But the song caught Baltimore’s fancy right away. Key’s words somehow conveyed perfectly the strange combination of fear, defiance, suspense, relief and sheer ecstasy that went into that desperate night. The Fort McHenry garrison adopted it—everyman received a copy—and the tavern crowds took it up. Resuming publication after a ten-day lapse, the Baltimore Patriot and Evening Advertiser ran it in full on September 20, proclaiming that it was “destined long to outlast the occasion, and outlive the impulse, which produced it.”

It quickly spread to other cities too, as the whole nation rejoiced in the news from Baltimore. Within a month papers in towns as far away as Savannah and Concord, New Hampshire, were running Key’s stirring lyrics. Everywhere they struck the right chord—the rare sense of exultation people felt about this totally unexpected victory.

For unexpected it was. As late as 7:15 A.M. on September 14 (15 minutes after Cochrane began his retirement), the vedettes at Elkton, Maryland, were warning the cities to the north that “the general opinion here is that Baltimore must fall.” In Philadelphia crowds filled the streets all day, despite the rain, waiting for news that never came. Communications were out; the stage not running; the outlook bleak. Coming so soon after Washington, the situation had all the familiar earmarks of another disaster.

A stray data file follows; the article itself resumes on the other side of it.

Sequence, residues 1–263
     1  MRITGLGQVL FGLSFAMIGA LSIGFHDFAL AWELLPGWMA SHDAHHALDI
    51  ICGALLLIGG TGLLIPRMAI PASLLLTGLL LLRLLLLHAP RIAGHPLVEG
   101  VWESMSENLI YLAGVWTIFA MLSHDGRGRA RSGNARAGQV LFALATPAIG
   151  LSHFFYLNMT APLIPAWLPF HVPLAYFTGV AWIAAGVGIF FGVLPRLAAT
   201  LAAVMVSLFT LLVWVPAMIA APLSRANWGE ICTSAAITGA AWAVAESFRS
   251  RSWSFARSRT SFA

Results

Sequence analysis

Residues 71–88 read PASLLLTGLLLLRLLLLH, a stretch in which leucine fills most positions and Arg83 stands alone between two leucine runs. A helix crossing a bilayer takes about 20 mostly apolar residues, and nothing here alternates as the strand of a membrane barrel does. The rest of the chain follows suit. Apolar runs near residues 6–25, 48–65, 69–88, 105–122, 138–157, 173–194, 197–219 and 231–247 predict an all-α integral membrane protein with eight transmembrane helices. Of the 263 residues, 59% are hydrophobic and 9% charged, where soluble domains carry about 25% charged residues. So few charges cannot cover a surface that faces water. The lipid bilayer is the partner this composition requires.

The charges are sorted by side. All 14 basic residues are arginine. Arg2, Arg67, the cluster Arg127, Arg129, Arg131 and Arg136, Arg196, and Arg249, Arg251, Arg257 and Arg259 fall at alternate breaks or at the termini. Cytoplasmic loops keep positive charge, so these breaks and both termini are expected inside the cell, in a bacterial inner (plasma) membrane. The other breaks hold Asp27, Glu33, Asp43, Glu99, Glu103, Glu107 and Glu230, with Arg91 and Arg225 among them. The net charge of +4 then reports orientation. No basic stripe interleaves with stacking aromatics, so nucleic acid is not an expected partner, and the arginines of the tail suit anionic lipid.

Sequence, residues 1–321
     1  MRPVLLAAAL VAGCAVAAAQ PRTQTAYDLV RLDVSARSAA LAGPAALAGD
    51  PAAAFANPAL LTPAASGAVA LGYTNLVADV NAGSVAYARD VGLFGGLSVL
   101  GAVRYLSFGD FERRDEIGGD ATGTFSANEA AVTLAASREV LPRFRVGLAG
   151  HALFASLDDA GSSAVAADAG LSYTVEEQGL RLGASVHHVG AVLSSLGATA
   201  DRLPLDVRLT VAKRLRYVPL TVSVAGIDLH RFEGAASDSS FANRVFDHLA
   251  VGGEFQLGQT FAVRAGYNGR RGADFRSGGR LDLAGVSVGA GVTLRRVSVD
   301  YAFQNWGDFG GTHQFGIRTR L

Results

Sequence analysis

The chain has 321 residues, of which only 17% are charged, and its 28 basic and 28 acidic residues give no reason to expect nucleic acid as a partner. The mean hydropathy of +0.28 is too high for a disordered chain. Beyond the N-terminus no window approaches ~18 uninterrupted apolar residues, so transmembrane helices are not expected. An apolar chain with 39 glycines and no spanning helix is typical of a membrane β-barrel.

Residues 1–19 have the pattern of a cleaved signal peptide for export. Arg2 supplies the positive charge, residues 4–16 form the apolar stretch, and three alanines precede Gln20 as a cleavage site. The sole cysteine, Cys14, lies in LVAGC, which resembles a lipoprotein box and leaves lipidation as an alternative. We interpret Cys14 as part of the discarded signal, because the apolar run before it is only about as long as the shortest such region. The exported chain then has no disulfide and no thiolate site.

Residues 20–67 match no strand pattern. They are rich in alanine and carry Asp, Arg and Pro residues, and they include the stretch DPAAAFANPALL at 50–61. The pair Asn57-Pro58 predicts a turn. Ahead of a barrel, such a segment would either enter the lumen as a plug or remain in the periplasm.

And now the impossible had happened. Joy and relief swept the country. At Norfolk the Constellation fired rousing salutes; at Salem, Massachusetts, the town cannon boomed in celebration. “Never have we witnessed greater elevation of public spirits,” exclaimed the Salem Register. The triumph at Baltimore had erased all past impressions of the enemy’s irresistible strength. “Ten thousand victories cannot give them their former hopes, and the spell is lost forever.”

And almost at the same time word spread of an equally glorious victory on the Canadian front. On September 11 a large British invasion force under Sir George Prevost was thrown back at Plattsburg, New York. The naval arm of this expedition was annihilated on Lake Champlain by the brilliant tactics of Captain Thomas Macdonough, commanding a hastily assembled U.S. squadron; while Prevost’s army of 11,000 Peninsular veterans retired in confusion before the far smaller numbers of Brigadier General Alexander Macomb.

It was another miracle, and the defenders of Baltimore responded appropriately. Promptly at noon on September 18, the guns of Fort McHenry sounded loud and long. But this time it was not in angry defiance—it was a “federal salute” in honor of the new, splendid victory on Lake Champlain.

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Featured photo: Wikipedia